• less subbed 
    • more subbed end
    • steric hindrance
  30. Hydroboration of an Alkene
    Borane adds to the double bond in a single step. Boron adds to the less hindered, less subbed carbon, and hydrogen adds to the more subbed carbon
  31. The boron atom is removed by __, using aqueous sodium hydroxide and hydrogen peroxide to replace the boron atom with a __. The __ does not affect the orientation of the product, because the __ was established int he first step, the addition of BH3.
    • oxidation
    • hydroxyl group
    • oxidation
    • anti-Markovnikov orientation
  32. This hydration of an alkene by __ is another example of a reaction that does not follow the original statement of __ rule (the product is __), but still follows our understanding of the reasoning behind __. The electrophilic boron atom adds to the __ end of hte duoble bond, placing the positive charge (and the hydrogen atom) at the __ end.
    • hydroboratio-oxidation
    • Markovnikov's rule
    • anti-Markovnikov
    • Markovnikov's rule
    • less subbed 
    • more subbed
  33. Each B-H bond in BH3 can add across the double bond of an alkene. THe firs addition forms an __, the second a __, and the third a __.
    • alkylborane
    • dialkylborane
    • trialkylborane
  34. __ react exactly as we have discussed, adn they oxidize to give __. __ are quite bulky, further reinforcing the preference for boron to add to the elss hindered carbon atom of the double bond.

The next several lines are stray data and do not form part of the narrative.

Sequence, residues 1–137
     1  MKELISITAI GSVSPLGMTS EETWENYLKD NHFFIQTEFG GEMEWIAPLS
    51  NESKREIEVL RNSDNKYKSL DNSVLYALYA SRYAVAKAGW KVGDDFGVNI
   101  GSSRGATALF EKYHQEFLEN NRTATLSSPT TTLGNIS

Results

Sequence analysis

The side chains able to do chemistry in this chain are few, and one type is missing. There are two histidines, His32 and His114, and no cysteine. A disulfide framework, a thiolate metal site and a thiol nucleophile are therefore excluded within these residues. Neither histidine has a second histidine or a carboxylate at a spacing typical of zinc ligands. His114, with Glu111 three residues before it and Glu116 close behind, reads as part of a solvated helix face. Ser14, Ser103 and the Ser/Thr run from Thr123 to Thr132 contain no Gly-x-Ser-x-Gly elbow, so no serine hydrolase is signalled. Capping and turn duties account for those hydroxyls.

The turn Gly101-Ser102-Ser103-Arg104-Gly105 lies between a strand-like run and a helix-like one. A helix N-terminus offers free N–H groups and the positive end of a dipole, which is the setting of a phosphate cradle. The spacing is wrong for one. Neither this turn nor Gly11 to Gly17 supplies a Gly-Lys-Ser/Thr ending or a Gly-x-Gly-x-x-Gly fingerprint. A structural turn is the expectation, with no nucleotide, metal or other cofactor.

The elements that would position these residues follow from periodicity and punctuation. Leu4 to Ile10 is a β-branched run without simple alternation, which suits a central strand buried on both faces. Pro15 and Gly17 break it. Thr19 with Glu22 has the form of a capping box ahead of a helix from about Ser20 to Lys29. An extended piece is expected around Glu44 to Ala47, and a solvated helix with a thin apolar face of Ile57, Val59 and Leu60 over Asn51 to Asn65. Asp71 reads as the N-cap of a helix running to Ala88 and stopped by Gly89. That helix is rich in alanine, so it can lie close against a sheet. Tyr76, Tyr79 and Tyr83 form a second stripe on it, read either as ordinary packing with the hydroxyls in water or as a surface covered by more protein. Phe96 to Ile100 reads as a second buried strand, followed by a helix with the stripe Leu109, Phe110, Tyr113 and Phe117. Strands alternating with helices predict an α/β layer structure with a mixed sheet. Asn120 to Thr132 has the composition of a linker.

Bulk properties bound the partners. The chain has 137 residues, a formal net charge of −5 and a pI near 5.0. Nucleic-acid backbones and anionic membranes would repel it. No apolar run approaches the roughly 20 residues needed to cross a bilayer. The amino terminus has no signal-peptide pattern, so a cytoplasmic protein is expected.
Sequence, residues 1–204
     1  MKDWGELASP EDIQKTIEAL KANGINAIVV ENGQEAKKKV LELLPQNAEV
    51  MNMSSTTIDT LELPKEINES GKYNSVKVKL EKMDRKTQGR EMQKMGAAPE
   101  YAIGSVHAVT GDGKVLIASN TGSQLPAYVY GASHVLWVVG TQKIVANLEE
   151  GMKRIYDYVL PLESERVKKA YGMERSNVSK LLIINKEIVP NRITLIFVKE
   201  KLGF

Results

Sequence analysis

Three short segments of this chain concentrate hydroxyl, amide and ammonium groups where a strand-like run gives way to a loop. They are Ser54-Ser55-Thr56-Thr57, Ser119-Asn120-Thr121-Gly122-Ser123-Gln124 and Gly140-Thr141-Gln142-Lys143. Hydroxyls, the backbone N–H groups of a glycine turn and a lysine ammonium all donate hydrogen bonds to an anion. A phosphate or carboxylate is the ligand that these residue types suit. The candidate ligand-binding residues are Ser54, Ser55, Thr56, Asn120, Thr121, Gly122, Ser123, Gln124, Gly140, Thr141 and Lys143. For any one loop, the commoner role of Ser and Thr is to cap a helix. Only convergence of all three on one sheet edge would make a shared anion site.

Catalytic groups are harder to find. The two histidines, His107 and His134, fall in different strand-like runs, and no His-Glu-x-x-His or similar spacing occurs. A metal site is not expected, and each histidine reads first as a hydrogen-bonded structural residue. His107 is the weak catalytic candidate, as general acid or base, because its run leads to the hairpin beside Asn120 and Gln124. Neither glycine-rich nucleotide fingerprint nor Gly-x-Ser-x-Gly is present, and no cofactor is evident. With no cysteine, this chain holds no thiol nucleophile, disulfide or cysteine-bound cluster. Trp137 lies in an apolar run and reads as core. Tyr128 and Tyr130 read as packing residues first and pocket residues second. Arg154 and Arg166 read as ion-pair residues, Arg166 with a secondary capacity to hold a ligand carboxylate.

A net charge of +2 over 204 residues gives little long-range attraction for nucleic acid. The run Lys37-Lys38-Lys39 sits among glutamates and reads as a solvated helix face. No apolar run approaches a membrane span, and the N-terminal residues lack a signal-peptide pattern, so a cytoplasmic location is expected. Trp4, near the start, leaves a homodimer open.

Boranes are drawn as the 1:1 __  to simplify their structure and emphasize the organic part of the molecule.
    • trialykboranes
    • anti-Mark alcohols
    • Trialkylboranes
    • monoalkylboranes
  35. The simultaneous addition of boron and hydrogen to teh double bond elads to a __: Boron and H add across the double bond on the __. (If they added to opposite sides, the process would be an __)
    • syn addition 
    • same side of hte molecule
    • anti addition
  36. What is expected with hydroboration? (of the example with oxidation of the trialkylborane)
    a racemic mixture because the chiral product is formed from achiral reagents
  37. What is the second step of hydroboration?
    oxidation of the borane to the alcohol
  38. Hydroboratoin of alkenes is another example of a __, in which different stereoisomers of the starting compound react to give different stereoisomers of the product.
    stereospecific reaction
  39. Steps of hydroboration with hydroperoxide
    • 1) formation of hte hydroperoxide ion
    • 2) addition of hydroperoxide nad migration of the alkyl gorup
    • 3) twice more to oxidize the other two alkyl groups
    • 4) hydrolysis of the borate ester